By Albert Pedrosa
I often hear people that a medium format is best for billboards because it has higher megapixels. Is it true? Before answering that question, I’ll try to explain what resolution is in relation to camera sensors. Regardless of the sensor size, resolution is the number of photodiodes found in a sensor.
If you have a 24-megapixel camera, then it means that there are actually 24 million photodiodes or active pixel in your sensor plane and all of which will convert light into electric current which will then be converted into a digital color. Pixel dimension refers to the number of pixel lined up horizontally and vertically.
A 5D Mark III would give you 5760 x 3840 pixels. If you will multiply the horizontal and vertical pixel count, you’ll get 22 million pixels. As advertised, 5D Mark III is a 22-megapixel DSLR camera. If you want to know the size in inches, you need to assign a number of pixels in an inch. For high-end printers, they will ask for 300 ppi. If you divide the pixel dimension by 300 then you’ll get 19.2 inches x 12.8 inches.
How can you print billboards from a 19.2 x 12.8-inch image? Yes, you can. By using Photoshop, you can enlarge your image to bigger size. Photoshop will add pixels for you based on the color of the neighboring pixels. There are a few algorithm on how Photoshop assigns the color of a pixel but let’s just trust Photoshop on that for now.
Billboards are not supposed to be scary for photographers. It’s normally printed at a very low resolution. It can go as low as 20 dpi. Since billboards are posted far from the viewer, the pixels or dots in printing will visually merge due to the distance. What photographers should be afraid of are the large prints viewed from a close distance like wall prints or big posters. These are normally printed in high resolution.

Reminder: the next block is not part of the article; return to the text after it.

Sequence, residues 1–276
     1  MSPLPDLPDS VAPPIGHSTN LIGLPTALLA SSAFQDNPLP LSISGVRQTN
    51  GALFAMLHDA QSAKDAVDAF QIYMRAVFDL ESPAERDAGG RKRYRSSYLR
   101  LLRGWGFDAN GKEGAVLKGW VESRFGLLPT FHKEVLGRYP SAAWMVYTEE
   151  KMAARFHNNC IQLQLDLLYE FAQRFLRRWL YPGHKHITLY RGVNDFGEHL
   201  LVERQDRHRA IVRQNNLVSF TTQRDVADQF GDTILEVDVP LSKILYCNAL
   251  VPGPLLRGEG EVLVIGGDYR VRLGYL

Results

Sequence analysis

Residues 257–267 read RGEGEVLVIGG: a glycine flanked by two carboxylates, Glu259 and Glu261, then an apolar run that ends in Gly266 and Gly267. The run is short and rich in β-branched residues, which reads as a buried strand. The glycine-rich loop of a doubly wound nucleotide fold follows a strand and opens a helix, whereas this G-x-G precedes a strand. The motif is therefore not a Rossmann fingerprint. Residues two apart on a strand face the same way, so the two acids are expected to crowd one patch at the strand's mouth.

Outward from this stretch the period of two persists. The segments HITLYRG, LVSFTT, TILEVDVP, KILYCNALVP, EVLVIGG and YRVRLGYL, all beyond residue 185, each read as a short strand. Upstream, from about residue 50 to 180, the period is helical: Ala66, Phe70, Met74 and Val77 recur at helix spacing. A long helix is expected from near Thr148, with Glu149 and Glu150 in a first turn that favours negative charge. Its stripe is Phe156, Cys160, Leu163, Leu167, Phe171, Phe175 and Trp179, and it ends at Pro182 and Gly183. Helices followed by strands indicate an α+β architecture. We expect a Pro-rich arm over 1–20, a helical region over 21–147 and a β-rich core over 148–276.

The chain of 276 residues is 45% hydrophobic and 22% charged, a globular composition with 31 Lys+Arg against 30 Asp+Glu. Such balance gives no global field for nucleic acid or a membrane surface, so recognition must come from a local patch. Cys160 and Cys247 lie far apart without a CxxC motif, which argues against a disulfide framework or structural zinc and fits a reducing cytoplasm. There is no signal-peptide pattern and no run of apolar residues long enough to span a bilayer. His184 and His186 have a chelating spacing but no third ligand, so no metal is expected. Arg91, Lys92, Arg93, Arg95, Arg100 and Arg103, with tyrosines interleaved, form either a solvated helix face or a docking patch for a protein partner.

A 20-megapixel camera is practically enough to create images for diverse commercial use. The size of the sensor will matter though. Note that a 20-megapixel cropped sensor or APS-C will have a smaller photodiode compared to a full frame sensor. A bigger sensor will always deliver a cleaner image in relation to color and luminance noise.
One of the advantages of a high resolution camera like the 5Ds Mark III or the Nikon D800 that carries a 50-megapixel full frame sensor is the option to crop your image and still get a good resolution out of it.
You probably want to buy a medium format camera not for the purpose of producing image for big prints but for a better dynamic range with higher resolution while still having a good clean image with less noise. The quality of the pixel will always matter when enlarging images.
Obvious examples are images produced by cellphone camera with 16-megapixel sensor. Even with a high resolution sensor, it will be disastrous to enlarge the image coming from a small-sized sensor. Bigger sensor is always an advantage but it comes with a hefty price tag.
Apart from the creative part of photography, technical aspect such as resolution will affect your image quality. Photography is always a marriage of technical and art. Keep on shooting everyone!
Albert Pedrosa is a commercial photographer who loves to shoot fashion. He teaches fashion photography and High-End Retouching at PCCI and maintains a studio in Malate, Manila for both commercial and creative works (Website: www.albertpedrosa.com / Instagram: @albertpedrosaph)